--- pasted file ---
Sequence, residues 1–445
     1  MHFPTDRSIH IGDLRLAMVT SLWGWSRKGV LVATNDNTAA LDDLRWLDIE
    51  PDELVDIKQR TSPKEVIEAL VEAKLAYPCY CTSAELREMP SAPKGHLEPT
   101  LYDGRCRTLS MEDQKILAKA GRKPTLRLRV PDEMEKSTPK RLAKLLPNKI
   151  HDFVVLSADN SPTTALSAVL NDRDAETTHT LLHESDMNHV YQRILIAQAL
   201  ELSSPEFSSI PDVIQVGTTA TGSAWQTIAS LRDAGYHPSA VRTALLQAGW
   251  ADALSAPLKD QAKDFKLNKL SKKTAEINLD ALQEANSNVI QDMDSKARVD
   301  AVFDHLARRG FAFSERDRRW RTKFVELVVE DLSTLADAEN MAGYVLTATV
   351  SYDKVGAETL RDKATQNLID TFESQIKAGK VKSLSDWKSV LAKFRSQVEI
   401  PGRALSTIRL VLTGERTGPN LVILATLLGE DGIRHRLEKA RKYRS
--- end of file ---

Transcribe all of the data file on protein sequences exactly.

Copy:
Sequence, residues 1–445
     1  MHFPTDRSIH IGDLRLAMVT SLWGWSRKGV LVATNDNTAA LDDLRWLDIE
    51  PDELVDIKQR TSPKEVIEAL VEAKLAYPCY CTSAELREMP SAPKGHLEPT
   101  LYDGRCRTLS MEDQKILAKA GRKPTLRLRV PDEMEKSTPK RLAKLLPNKI
   151  HDFVVLSADN SPTTALSAVL NDRDAETTHT LLHESDMNHV YQRILIAQAL
   201  ELSSPEFSSI PDVIQVGTTA TGSAWQTIAS LRDAGYHPSA VRTALLQAGW
   251  ADALSAPLKD QAKDFKLNKL SKKTAEINLD ALQEANSNVI QDMDSKARVD
   301  AVFDHLARRG FAFSERDRRW RTKFVELVVE DLSTLADAEN MAGYVLTATV
   351  SYDKVGAETL RDKATQNLID TFESQIKAGK VKSLSDWKSV LAKFRSQVEI
   401  PGRALSTIRL VLTGERTGPN LVILATLLGE DGIRHRLEKA RKYRS